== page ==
Throughout the Bible, obedience brings blessing and disobedience brings cursing or negative consequences. After laying out the choice between the blessed life of obedience and the cursed life of disobedience (see Deuteronomy 27:1-30:14, God asks Israel to choose life instead of judgment (see vv. 30:19, 20). Is it selfish for Israel to obey God and choose to enjoy His blessings and avoid His discipline? Hardly. Neither is it selfish to choose to forgive in order to escape emotional torment (see Matthew 18:34, 35), to have our prayers unhindered (see Mark 11:25), to thwart Satan’s schemes against the Church (see 2 Corinthians 2:10,11), to remove Satan’s place in our lives (see Ephesians 4:27, 32), or to enjoy God’s forgiveness (see Matthew 6:14,15). What higher motive or greater benefit could we have for forgiving than the restoration of our relationship with God? Certainly restoring your relationship with God cannot be considered a selfish motivation.

God was there, and He was greatly grieved over what happened. Psalm 94 assures us that God indeed does see all forms of abuse and oppression and that He is a God of vengeance and justice. He is also our help, our stronghold, and our refuge.  Rather than focus on what God didn’t do in his life (that is, stop the abuse in our life), the psalmist focuses on his relationship with God, confident that God will one day mete out perfect justice.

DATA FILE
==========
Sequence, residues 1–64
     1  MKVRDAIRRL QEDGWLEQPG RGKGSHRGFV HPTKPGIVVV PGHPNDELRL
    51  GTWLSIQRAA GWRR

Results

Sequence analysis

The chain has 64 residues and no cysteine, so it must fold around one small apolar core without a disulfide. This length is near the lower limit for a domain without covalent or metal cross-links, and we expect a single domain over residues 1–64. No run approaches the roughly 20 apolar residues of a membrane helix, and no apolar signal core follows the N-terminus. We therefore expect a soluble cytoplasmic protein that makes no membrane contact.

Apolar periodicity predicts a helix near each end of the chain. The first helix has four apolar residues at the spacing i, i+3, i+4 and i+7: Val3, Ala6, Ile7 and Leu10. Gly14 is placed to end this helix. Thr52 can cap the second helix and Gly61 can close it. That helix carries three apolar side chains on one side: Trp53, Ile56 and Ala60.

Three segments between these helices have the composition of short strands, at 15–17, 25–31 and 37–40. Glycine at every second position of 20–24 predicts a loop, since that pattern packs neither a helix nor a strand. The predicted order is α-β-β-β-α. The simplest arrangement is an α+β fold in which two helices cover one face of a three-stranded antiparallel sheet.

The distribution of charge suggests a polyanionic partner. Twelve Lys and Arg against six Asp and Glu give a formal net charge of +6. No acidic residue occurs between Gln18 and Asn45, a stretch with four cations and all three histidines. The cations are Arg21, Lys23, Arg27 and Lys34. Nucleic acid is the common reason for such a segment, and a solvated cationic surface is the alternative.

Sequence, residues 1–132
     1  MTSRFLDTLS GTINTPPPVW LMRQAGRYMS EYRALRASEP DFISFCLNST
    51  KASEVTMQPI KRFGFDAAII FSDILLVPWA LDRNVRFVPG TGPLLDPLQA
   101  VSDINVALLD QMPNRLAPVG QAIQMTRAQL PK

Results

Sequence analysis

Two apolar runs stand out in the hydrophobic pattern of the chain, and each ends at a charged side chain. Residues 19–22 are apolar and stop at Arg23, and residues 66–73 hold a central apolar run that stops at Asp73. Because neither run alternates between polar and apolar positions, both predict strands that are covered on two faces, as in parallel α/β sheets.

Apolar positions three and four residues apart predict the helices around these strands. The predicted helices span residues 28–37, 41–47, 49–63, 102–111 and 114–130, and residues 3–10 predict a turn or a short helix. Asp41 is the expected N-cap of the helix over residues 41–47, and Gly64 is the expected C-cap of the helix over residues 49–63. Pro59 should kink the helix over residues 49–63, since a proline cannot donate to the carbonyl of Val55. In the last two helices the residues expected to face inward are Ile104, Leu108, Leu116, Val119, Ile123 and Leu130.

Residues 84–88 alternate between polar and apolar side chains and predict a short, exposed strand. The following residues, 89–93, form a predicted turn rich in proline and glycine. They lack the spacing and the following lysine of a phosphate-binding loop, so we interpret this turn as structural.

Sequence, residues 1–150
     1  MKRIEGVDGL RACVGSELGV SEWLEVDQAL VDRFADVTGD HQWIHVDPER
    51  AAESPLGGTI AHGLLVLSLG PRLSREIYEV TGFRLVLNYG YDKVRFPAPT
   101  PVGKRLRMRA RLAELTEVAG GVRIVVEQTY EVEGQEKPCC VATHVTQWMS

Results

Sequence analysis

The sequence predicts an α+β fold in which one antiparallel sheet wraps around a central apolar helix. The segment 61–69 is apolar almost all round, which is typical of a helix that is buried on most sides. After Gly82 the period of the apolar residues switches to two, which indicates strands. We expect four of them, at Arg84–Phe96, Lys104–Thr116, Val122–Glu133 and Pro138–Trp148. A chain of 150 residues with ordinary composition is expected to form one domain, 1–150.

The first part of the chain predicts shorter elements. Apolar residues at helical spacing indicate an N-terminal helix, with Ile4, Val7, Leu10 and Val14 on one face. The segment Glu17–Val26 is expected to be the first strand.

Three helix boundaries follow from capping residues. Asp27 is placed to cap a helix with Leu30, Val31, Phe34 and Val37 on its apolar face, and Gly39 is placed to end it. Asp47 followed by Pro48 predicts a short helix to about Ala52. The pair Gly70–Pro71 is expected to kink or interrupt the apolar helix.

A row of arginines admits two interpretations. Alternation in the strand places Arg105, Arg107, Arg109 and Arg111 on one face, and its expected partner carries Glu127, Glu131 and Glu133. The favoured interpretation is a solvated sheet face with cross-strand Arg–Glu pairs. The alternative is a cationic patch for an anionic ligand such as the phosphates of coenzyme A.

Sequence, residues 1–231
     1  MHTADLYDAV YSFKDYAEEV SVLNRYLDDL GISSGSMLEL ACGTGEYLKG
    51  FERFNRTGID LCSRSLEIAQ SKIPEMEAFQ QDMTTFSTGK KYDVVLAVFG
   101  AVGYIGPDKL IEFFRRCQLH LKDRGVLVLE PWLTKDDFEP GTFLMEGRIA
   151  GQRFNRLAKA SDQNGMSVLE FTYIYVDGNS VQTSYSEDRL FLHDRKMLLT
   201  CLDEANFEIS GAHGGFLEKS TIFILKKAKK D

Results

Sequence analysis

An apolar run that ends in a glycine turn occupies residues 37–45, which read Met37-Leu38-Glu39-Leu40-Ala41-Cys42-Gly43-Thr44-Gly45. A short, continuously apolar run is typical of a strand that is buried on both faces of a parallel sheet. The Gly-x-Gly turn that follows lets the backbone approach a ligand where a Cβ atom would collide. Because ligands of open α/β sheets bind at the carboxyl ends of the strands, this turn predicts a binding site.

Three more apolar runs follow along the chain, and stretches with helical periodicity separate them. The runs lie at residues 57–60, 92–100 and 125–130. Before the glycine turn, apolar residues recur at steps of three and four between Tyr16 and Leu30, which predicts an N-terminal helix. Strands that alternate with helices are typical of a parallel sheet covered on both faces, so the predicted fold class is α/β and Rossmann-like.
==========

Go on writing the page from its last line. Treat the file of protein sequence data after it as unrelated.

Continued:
It may also help to remember that God made human beings with the responsibility to choose — even to choose to disobey Him.  God does not now change that freedom and prevent people from choosing to do evil.  Besides, to take away our choice would be to remove the possibility of us choosing to trust God.

In light of the pain we experience at the hands of others, our confidence and hope lies in the truth that God is able to bring healing and that He even uses the pain to build strength of character — a Christlike character — in us.  We cannot guarantee that you will escape evil in this sick and fallen world (see John 16:33), but we can reassure you that you don’t have to be a perpetual victim of your past.  In Christ, God has provided us with a way to overcome our past, and we have to assume our responsibility to choose that path of freedom.

One more important word about suffering comes from Job, a book which teaches us how to deal with the loss and pain that comes our way in this world.  As his suffering progresses, Job never gives up on his relationship with God.  He argues, he expresses his deep disappointments, and he even asks God for a trial and the opportunity to plead his case about God’s apparent injustice (see Job 9,10).  Through all his trials, Job never gives up on God: “Though he slay me, yet will I trust in him: but I will maintain mine own ways before him” (Job 13:15, KJV).  The key is to be honest about your deep disappointments with God and allow Him to speak to you (see Job 38-41).

Don’t suffer in denial.  Let God know about your anger and disappointment with Him.  Then you will be able to see God and yourself clearly enough to follow Job’s example and repent of your wrong expectations of God (see Job 42:1-6).  Keep in mind, too, that Job’s latter state was more blessed than his former state.  God never told Job why he was suffering, but God used suffering to increase Job’s trust in Him and to bless Job.  Romans 8:18-39 assures us that God’s plan for our glory includes suffering, but this suffering can never separate us from His love for us as demonstrated in Christ Jesus’ death on the cross.